“The New Right is of the fringe, and the fringe is where both innovation and insanity lay.” – Michael Malice, The New Right.

When a writer asked to interview me for a book, I almost declined. I was burned out of talking to media people and not interested in explaining the same events over and over again.

But a mutual friend vouched for Michael Malice, and after being impressed with his Joe Rogan interview, I sat down for the interview.

Malice’s intellectual curiosity was evident immediately. Most writer or “journalists” want to argue during interviews. It gets boring. “OK, since you brought up x, you’re not going to bring up y.”

Malice was genuinely interested in my ideas, which as my recent interview on the Rubin Report show, are often “left wing.” Example – I believe CEO pay should be capped at a ratio of 100-to-1 of median employee wage.

Rather than attack or defend anyone, Malice showcases the points of views of people ranging from controversial to persona non grata. (Gavin McInnes is not only banned from Facebook, it’s also illegal for you to say you like him on the platform.)

Malice explains positions held by the populists and others, and criticizes those views where appropriate. As one example:

Activist Mike Cernovich’s movie is titled Silenced: The War on Free Speech…. The universal claim and concern in the New Right is that attacks on our free speech are unprecedented and fiercer than ever.

They are wrong.

Virtually all the Founding Fathers, including George Washington himself, were still alive when the Fifth Congress passed the Sedition Act, signed into law by John Adams. The act made it a federal crime to criticize the government or the president, leading to the arrest and imprisonment of several journalists.

While Malice has his history correct, one central theme of Silence was, We are doing it to ourselves.

Silenced was prophetic, and showed that the real threat to free speech wasn’t the government. It was all of us, as I describe in introducing Silenced:

Things are different than they used to be. We all know the feeling of dread when posting or talking about something controversial, and this dread has silenced us. It’s not censorship. The government isn’t doing it. We are. To ourselves. Across business, education, politics, and entertainment.

One can’t blame Malice for not having examined my entire body of work, because honestly how is that even possible?

Malice’s point about free speech is well-taken, though, as people today like people of all times believe our era is unprecedented. When really we aren’t special.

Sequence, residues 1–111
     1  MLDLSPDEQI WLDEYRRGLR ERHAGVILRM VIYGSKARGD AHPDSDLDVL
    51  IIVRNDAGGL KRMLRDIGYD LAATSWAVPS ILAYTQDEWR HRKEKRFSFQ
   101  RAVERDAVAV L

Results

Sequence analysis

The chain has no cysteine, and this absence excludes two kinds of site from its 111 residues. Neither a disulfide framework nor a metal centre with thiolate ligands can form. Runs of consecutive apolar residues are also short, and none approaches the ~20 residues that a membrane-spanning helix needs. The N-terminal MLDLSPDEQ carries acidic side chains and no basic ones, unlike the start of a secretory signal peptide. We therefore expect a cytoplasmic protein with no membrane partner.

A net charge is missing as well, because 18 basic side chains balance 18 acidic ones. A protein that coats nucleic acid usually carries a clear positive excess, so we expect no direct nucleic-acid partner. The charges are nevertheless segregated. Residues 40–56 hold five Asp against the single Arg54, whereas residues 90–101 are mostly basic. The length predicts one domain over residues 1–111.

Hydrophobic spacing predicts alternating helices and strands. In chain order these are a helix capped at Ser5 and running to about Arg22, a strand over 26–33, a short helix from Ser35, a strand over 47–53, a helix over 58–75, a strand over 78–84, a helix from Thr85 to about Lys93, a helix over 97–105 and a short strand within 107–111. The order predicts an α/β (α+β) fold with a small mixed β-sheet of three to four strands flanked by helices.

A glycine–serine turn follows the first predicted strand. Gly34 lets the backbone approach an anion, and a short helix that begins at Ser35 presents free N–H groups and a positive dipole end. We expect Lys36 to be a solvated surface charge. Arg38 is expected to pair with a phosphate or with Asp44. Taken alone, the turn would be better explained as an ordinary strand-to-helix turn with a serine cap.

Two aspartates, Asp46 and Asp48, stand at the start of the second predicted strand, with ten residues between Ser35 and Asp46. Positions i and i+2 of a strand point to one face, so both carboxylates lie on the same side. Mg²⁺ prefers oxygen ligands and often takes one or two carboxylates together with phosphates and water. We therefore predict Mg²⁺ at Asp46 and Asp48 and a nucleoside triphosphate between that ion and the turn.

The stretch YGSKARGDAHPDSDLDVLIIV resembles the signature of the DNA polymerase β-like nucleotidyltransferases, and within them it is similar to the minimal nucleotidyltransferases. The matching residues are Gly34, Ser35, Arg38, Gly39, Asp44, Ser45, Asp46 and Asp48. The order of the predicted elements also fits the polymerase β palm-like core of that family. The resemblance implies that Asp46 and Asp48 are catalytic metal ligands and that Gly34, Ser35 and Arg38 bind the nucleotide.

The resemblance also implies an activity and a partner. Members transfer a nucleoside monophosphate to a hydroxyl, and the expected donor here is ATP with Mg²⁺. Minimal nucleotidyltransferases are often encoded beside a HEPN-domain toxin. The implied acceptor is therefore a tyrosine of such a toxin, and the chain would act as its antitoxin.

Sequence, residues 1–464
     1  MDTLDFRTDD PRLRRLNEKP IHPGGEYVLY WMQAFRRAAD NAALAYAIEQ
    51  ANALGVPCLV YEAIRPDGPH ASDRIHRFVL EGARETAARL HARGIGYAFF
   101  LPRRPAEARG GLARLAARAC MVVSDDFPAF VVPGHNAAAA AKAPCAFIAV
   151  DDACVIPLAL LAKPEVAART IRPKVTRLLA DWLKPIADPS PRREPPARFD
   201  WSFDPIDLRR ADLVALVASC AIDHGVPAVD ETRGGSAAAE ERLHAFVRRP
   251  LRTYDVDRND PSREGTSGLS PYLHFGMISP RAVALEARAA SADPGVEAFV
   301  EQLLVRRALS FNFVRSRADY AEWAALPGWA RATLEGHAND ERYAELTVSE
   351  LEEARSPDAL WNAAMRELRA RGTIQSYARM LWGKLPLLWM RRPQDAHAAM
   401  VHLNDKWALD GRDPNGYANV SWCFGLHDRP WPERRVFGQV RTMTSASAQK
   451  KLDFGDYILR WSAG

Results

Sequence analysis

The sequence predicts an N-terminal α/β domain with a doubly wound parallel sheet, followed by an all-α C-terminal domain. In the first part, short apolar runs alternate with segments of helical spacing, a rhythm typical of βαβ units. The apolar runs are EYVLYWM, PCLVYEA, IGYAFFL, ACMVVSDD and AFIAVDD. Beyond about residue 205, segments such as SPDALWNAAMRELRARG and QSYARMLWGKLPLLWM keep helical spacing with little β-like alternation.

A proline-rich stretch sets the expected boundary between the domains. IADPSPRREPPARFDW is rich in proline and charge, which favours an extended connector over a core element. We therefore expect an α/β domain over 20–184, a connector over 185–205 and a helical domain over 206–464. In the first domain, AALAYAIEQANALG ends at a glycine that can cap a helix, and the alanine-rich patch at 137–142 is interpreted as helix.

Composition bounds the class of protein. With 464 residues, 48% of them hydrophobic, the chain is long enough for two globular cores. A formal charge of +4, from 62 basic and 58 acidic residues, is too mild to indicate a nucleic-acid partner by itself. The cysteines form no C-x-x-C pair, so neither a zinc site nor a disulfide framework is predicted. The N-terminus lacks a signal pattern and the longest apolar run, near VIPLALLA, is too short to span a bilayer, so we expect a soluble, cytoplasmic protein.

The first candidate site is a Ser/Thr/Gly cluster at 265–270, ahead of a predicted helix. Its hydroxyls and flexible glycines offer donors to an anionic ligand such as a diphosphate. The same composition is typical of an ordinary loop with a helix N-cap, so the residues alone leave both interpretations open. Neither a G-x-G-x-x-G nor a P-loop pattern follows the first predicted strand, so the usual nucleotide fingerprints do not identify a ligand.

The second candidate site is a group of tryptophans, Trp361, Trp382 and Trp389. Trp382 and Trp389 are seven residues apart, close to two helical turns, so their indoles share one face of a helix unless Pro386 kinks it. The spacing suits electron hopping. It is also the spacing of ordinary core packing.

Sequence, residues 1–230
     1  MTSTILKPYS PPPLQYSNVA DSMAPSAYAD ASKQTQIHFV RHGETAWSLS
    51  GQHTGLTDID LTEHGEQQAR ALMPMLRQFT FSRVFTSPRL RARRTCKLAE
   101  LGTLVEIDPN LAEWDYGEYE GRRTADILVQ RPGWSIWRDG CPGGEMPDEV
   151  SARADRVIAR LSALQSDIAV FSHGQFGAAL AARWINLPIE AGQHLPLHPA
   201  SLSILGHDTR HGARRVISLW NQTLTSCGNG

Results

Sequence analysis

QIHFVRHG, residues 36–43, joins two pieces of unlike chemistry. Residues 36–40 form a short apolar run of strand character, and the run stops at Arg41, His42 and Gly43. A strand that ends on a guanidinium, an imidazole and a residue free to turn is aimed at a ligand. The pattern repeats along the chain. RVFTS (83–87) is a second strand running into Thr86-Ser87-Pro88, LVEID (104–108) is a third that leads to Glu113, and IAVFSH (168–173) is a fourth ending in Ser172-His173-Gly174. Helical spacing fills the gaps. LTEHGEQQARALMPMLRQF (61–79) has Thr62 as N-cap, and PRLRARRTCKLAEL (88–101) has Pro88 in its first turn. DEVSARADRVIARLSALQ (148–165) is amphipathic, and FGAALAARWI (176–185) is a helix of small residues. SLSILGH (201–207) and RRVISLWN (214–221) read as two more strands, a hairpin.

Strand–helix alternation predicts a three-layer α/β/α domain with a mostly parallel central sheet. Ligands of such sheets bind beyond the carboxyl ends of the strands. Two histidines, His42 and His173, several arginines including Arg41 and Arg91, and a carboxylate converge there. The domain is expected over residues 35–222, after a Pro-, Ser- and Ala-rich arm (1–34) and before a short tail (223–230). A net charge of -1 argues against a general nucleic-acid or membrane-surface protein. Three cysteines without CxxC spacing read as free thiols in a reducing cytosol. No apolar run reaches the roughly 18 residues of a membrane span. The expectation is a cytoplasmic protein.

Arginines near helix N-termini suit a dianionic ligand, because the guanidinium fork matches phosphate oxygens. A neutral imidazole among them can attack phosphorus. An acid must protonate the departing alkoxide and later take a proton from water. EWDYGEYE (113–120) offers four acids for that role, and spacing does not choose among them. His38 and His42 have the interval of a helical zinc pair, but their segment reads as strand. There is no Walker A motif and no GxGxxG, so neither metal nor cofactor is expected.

Malice also takes a look at Gorilla Mindset, and unlike most in the media, gets it:

In 2015 Cernovich self-published Gorilla Mindset…. Yet despite his swagger and the book’s title, his writing is far more new age than neo-reactionary. Many of the ideas have been staples of women’s magazines for years, including the benefits of meditation and “being present.”

Cernovich has cleverly repackaged such concepts in a manner friendly for guys, and in the process has given men permission to engage in these activities without feeling stigmatized. It’s akin to when Coca-Cola was invented Coke Zero, which was conceived as a male alternative for those too embarrassed by the perceived effeminacy of ordering a Diet Coke.

I’ve been on Malice’s show Your Welcome once or twice and am fond fo him, so you might consider this review to be PR, and that’s okay with me.

Those who know better understand that I’m a tough reviewer when it comes to books, and sometimes needlessly downgrade an excellent book as a way of antagonizing authors.

If you want to truly understand what is happening in America today, read The New Right.

As Malice observes, the new right has a largely male audience, and he asked me to explain why:

“Men are told today they’re living in a man’s world,” Cernovich told me, “and they’re looking around and thinking, Well, not for me. With men there isn’t any real help with alienation.”

Much of contemporary feminism is based on things like the relative number of male CEOs.

“It’s called the apex fallacy,” he said. “Too many men at the top. OK, what about the men at the bottom? Male suicide is four times the rate of female suicide. Look at homelessness, drug addition, and suicide rates. Men are often the biggest winners and the biggest losers.

You can get the New Right in ebook, paperback, and Audio.

P.S. While you’re there, in anticipation of my next book, I’ve discounted Gorilla Mindset by 90% for the ebook, 50% for the paperback, and the audiobook is here.

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